Making of a composite image
It’s important that all photographers, as visual storytellers with cameras, tell the truth. Telling the truth is something that has become lost as photographers try to one up each other on social media every day. My favorite part of landscape photography is chasing the light. To have that great light line up with in a composition is immensely satisfying. This does take a lot of planning and effort, but that is part of the fun. Just replacing skies in my landscape photos, would take away from the enjoyment I get from being in the moment.
I want people to know and believe my images are real. I do believe that those who do manipulate their images are creating art their way, but I really enjoy the extra effort of trying to get it for real, and I want people to know and trust that I put in that extra effort. Sometimes things just do not work out as is the case with "Heaven and Earth". It is important, however, to state the image is a composite, never take a persons trust for granted.
"Heaven and Earth" is a composite of Castle Rock from Moab and a night sky from Utah County, Utah. Castle Rock is a 400-foot Wingate Sandstone tower standing on a 1,000 foot Moenkopi-Chinle cone In Castle Valley, Utah about 20 miles east of Moab.
The night my friends and I set up to take this shot it was cloudy and overcast. The storm seemed to be moving through the area fairly fast and we hoped that the skies would clear. We were able to light the foreground and set up for the shot. Yet,, as the night progressed the wind and weather became more severe.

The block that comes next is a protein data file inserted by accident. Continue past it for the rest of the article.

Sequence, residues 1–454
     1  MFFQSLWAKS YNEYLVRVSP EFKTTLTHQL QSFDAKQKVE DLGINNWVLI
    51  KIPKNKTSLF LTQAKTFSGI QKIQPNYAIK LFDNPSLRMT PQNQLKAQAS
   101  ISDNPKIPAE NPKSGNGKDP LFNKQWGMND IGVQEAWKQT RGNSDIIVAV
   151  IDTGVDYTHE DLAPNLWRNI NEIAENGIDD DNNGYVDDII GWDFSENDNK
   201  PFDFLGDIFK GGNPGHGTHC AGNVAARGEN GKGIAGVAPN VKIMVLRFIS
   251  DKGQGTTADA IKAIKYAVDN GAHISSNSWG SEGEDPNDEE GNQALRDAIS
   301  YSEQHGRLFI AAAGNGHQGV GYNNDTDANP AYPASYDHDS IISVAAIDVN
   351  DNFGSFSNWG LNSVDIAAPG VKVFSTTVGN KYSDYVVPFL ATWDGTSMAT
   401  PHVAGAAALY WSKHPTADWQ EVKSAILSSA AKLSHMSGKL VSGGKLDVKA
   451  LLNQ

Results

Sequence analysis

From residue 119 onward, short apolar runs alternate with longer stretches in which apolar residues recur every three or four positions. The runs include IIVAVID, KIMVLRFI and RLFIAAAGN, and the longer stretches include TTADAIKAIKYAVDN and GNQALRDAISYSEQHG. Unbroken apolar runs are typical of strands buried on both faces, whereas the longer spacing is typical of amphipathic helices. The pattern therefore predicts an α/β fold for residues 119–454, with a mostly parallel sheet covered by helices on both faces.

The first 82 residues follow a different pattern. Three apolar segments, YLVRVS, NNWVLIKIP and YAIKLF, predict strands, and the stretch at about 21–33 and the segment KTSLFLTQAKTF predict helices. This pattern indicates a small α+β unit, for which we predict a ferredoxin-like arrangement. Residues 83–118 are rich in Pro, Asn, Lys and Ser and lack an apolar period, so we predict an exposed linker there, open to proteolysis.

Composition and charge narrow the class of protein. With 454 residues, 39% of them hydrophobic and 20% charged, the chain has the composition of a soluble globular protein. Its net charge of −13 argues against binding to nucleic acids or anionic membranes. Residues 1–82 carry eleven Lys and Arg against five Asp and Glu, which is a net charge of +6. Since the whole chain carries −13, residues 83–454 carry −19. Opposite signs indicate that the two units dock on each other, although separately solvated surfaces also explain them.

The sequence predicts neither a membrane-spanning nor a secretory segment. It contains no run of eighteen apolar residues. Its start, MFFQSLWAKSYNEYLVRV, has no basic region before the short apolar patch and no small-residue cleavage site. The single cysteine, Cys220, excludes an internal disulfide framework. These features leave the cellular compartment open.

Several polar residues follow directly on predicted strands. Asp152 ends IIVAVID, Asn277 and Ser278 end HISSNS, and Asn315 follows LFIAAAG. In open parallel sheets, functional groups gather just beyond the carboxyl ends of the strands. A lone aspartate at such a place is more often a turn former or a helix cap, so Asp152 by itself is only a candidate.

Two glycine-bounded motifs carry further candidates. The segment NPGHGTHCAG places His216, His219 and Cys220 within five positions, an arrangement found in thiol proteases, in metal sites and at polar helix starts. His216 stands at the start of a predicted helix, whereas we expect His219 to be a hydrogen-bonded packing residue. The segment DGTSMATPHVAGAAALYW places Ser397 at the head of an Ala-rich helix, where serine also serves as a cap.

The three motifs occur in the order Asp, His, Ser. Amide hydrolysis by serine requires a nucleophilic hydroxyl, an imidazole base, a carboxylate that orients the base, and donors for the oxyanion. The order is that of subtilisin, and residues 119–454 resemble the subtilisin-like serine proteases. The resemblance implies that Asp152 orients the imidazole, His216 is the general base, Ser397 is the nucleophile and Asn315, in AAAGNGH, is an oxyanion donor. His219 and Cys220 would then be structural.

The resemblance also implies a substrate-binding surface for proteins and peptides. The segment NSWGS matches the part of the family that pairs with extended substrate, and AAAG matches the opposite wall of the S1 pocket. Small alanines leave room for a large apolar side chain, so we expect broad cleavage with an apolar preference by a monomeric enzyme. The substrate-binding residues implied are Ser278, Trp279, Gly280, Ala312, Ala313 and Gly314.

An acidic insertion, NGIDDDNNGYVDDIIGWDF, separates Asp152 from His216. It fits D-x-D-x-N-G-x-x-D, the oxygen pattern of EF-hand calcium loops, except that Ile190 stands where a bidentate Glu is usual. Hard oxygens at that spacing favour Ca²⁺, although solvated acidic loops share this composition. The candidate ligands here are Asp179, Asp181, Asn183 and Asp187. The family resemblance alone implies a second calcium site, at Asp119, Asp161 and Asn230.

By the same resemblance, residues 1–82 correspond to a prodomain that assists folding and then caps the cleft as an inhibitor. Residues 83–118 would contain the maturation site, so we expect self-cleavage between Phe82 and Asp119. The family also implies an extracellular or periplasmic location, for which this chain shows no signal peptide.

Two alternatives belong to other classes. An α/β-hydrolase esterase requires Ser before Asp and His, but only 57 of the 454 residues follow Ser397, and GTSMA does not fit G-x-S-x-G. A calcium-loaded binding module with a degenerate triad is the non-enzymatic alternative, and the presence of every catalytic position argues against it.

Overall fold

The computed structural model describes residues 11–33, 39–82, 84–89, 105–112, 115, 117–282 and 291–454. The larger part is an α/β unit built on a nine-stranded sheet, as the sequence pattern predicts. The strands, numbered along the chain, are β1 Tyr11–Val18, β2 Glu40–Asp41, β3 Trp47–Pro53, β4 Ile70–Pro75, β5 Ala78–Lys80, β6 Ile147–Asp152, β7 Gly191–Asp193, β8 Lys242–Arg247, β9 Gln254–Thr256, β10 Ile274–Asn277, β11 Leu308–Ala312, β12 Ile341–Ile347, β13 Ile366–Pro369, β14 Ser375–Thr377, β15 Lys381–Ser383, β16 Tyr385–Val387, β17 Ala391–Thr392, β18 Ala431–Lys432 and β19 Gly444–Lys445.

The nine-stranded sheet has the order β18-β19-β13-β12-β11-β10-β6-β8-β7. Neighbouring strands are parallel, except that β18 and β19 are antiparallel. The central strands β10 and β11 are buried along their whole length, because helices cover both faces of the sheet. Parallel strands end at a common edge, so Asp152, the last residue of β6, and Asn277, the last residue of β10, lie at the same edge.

This image was taken during a lightning strike. As you can see the storm became more intense. The wind built to a point that cameras and tripods were blowing over. So we had to give up on the shot.
Drawn to the shot I really want to complete it. Do I go back and set up for it again? Then one night a thunderstorm was moving through the area. The storm was just north from where I live. I grabbed my gear and had thoughts of getting a lightning shot.
So, this incredible thunderstorm went through Utah on this night and I was fortunate enough to be on the southern edge. The blue light is from the lightning and is so blue because of the white balance settings used on night photography. I never got a lightning strike on this night, but I was able to capture the tail of the milky way and Andromeda in the position for the Castle Rock shot.
To add to it was the thunder storm, an amazing coincidence. I felt this sky would just fit with the thunderstorm image from Castle Rock. Sometimes it is just better to be lucky than good.
I usually do not do composite images. For me this still had the aspects of chasing the light, planning for the shot and I loved the landscape composition of this image.
The conditions of the sky image just put the image together for me. I did make sure that composition would place the stars in the same position of the sky for the original shot
My images are what you would see if you went to that point for the image.